According to Ovum (News - Alert)'s recently released report, "Front-Office BPO 2014 Trends to Watch," third-party contact center providers see the healthcare sector as a major 2014 growth opportunity.
Both healthcare payers and providers want to maximize efficiencies and manage costs while providing better service delivery. With the Affordable Care Act's focus on outcome-based patient care, contact centers can provide valuable patient resources including medication information, tech support for medical devices and other important services.
Additionally, as Americans work to navigate the new insurance exchanges, contact center agents are needed to provide guidance and to answer insurance-related questions. In fact, Ovum predicts that third-party contact centers will find business opportunities in any country whose government plays a major role in healthcare.
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Despite increasing healthcare business process outsourcing (BPO), most organizations will have flat or decreasing budgets for outsourcing. As a result, contact center providers will feel a squeeze in their profit margins, which will require changes to their business models.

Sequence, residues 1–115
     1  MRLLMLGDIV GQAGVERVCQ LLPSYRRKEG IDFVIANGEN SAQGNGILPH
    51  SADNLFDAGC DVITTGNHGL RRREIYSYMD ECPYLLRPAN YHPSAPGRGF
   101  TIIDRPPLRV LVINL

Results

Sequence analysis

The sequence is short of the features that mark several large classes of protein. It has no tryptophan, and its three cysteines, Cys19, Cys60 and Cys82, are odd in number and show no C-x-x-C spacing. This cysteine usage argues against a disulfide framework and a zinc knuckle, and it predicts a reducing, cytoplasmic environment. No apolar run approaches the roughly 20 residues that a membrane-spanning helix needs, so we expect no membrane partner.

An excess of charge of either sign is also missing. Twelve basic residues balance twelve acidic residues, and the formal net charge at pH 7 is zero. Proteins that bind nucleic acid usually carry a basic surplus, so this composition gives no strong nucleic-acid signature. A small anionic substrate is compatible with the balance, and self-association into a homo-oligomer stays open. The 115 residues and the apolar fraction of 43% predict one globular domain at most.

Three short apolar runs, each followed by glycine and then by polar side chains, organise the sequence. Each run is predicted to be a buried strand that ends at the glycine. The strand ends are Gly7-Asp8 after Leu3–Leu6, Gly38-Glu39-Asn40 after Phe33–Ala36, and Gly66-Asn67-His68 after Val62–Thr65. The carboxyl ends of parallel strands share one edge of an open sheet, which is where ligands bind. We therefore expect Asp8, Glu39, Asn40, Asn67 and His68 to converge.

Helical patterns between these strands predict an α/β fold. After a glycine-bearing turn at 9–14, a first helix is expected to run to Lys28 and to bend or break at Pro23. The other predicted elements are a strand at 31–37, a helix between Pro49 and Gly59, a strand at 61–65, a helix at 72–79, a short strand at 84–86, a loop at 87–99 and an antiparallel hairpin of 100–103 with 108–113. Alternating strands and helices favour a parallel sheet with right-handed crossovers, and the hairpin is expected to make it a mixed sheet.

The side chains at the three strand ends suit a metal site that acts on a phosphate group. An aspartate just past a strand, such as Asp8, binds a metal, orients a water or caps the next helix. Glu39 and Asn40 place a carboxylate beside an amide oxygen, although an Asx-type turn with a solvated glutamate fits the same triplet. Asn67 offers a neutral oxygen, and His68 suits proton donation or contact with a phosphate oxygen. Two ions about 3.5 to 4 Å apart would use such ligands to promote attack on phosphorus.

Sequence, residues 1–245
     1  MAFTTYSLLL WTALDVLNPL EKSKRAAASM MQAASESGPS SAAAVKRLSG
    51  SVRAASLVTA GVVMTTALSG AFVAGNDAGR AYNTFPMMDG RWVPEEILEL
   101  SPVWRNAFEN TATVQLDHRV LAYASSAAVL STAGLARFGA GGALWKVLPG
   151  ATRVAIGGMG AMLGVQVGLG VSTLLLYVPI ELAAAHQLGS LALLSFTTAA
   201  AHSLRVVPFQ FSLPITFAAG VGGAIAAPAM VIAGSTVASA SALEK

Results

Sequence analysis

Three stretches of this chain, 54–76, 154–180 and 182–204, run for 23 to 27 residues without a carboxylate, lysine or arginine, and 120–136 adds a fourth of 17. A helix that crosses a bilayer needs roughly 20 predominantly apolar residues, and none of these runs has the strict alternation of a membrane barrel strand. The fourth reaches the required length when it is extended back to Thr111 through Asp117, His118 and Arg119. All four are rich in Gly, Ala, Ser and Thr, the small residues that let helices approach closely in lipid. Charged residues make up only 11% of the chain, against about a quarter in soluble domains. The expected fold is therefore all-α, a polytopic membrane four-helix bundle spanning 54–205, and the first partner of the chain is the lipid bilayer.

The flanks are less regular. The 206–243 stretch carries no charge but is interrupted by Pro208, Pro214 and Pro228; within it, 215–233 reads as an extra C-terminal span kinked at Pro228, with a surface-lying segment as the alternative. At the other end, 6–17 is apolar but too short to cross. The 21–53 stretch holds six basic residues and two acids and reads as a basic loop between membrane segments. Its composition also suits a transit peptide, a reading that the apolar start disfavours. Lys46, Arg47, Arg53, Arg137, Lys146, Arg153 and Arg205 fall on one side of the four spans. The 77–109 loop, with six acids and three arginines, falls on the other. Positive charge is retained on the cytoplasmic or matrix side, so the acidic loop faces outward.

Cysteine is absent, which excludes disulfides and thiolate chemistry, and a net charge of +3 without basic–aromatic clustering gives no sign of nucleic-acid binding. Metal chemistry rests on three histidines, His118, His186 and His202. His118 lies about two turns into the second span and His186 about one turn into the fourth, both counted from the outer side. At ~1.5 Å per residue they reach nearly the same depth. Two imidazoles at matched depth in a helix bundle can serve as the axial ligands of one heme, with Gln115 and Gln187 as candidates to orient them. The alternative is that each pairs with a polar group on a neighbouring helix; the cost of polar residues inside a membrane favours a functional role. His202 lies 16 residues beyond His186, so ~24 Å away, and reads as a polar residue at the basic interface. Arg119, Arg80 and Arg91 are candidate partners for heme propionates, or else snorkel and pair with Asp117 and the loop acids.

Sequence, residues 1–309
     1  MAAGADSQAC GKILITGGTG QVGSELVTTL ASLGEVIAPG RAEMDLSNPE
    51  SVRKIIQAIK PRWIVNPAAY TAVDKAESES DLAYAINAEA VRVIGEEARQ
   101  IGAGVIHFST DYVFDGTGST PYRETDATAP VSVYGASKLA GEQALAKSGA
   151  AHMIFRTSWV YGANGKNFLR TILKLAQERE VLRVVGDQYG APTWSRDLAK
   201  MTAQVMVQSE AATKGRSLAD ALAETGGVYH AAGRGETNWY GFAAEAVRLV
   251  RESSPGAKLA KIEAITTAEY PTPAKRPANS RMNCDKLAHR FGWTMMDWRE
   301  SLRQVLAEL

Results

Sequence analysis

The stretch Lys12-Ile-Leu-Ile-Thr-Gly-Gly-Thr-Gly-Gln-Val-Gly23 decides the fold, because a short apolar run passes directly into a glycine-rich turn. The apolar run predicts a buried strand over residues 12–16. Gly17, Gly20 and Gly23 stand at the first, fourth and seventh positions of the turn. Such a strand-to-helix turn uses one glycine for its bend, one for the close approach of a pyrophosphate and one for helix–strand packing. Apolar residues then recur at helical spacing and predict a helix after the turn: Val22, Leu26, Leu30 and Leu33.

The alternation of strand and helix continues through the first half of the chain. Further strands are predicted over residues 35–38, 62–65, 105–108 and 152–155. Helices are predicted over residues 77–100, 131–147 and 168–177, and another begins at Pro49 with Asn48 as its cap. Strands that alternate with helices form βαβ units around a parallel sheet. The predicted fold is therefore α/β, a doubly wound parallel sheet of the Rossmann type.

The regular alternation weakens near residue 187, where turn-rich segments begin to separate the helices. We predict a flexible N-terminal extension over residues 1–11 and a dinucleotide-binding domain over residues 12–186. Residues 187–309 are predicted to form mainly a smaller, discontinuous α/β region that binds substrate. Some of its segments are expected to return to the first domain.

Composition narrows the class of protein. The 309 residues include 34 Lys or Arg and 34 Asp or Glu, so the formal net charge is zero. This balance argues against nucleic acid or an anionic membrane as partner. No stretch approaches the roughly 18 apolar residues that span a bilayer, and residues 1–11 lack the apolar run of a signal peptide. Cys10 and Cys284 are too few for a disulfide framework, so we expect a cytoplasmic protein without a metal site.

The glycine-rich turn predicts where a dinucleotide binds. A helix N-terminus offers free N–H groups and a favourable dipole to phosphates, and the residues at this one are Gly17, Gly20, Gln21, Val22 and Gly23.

For example, contact centers will have to grow more competitive by increasing their end-user service offerings, and, despite limited funds, they'll have to invest in talent and technology.
Although many U.S. contact centers will increasingly rely on home-based agents, Ovum predicts that the use of remote agents won't gain traction in other developed countries.
"The US will account for 90 percent of third-party home-based agent deployments in 2014," predicted Peter Ryan, Ovum's principal analyst for Global IT services. "Meanwhile, less than 20 percent of outsourcers in any other country indicated any type of increase, a fact unlikely to be lost on both pure-play and bricks-and-mortar providers of this business model."
The most popular countries for call center outsourcing will be mature markets, including India and South Africa. Call centers will have to improve their multi-channel capabilities, particularly related to social media, because consumers in emerging markets prefer to resolve problems on the Web or through social media.
Edited by Alisen Downey